Last October, a newborn baby was found in a Qatar airport bathroom, prompting a search for the mother.
Multiple women said they were taken off their planes and given nonconsensual invasive gynecological searches.
One of those women told Insider of the experience and said she relives the trauma daily.
On October 2, 2020, Mandy was sitting on a plane in Doha, Qatar, to Jakarta when she was asked to get off, escorted by armed guards into an ambulance on the tarmac, and given an invasive gynecological search against her will — all without being told what was happening.
She's now one of multiple women preparing to take legal action against Qatar Airways, Doha's Hamad International Airport, and the Qatar Civil Aviation Authority.
Mandy is British, while the other women are Australians who were on a flight from Doha to Sydney. Mandy requested her last name remain private, but it is known and verified by Insider.
Qatar has acknowledged multiple women were examined, saying it was because authorities discovered a newborn baby in the airport's bathroom and wanted to find the mother.
"It was horrifying and I relive that time," Mandy, 51, told Insider. "I relive it daily."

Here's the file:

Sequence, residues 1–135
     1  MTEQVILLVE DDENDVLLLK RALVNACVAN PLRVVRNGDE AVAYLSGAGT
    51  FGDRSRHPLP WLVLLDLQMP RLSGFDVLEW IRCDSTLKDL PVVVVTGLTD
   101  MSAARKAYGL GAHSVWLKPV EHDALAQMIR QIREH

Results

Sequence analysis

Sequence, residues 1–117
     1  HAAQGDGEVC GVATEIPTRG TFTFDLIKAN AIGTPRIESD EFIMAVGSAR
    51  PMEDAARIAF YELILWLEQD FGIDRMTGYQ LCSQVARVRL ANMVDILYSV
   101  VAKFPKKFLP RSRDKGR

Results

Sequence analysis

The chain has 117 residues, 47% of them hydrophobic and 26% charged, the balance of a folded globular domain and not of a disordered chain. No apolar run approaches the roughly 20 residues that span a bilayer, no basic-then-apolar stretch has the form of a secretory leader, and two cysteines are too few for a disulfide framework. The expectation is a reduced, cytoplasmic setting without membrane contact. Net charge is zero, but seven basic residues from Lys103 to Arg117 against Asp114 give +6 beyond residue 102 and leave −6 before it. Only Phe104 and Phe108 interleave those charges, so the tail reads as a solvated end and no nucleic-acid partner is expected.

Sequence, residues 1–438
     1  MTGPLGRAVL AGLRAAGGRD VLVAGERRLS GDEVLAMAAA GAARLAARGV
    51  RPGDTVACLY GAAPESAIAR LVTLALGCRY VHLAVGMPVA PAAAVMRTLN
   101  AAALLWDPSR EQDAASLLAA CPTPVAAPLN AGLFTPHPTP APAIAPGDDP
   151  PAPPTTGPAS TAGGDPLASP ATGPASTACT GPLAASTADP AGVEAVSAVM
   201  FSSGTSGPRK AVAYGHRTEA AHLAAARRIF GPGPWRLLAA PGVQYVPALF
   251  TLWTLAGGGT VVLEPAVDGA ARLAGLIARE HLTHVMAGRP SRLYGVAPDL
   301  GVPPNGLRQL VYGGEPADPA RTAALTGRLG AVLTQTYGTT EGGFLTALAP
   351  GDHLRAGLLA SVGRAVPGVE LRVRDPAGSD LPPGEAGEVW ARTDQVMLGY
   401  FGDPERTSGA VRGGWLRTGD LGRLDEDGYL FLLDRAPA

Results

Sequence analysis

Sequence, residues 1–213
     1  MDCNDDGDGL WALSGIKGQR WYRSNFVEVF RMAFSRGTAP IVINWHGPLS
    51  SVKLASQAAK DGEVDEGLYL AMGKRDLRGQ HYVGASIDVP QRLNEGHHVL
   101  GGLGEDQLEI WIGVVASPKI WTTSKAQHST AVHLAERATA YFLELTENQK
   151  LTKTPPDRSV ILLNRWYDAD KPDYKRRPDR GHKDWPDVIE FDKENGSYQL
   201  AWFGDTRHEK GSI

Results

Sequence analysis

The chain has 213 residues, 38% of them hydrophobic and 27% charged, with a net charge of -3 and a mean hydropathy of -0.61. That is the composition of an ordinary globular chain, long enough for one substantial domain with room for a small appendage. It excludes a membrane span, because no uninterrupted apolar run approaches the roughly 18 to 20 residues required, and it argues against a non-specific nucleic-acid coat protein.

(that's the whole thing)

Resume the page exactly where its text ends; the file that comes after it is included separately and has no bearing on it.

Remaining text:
Qatar Airways directed Insider's request for comment to Qatar's government. The government, airport, and aviation authority did not respond to Insider.
A spokesperson for the UK's Foreign, Commonwealth & Development Office told Insider it supported two British women after the incident, adding: "We formally expressed our concern with the Qatari authorities and Qatar Airways, and sought assurances that it would be thoroughly investigated and measures would be put in place to prevent an incident like this happening again."
Mandy had flown from London and was transiting in Doha to ultimately reach Bali, Indonesia, she said.
She said she was sitting on the plane and noticed it seemed to be taking off late. Then, she said, everyone on board was told to get off.
The passengers were brought to the gate and met by "armed police and officials," she said.
They waited, and then a few women from the group were selected, Mandy said.
"I was approached, which was quite intimidating. It felt quite threatening at that point. I was approached by what I believed to be a female Qatari police officer who sort of picked me and two or three other women, and were demanded to follow her."
Mandy said she was then taken in an elevator — where the woman "didn't take her eyes off of me — and then brought to the tarmac and met by more armed police.
She was taken into an ambulance, where a female nurse was waiting, she said.
"She ordered me to lie down on the bed, which I did. Then, she asked me to undress from the waist down."
Video: OB-GYNs debunk 16 postpartum myths
"I was so shocked," Mandy said of the nurse's request.
"She checked my genital area and checked to see whether or not that I had actually given birth. It was one of those sort of fight-or-flight situations."
"I always believed I would be one of those people that would fight because I sort of consider myself as pretty strong, but ... I was frozen," she said.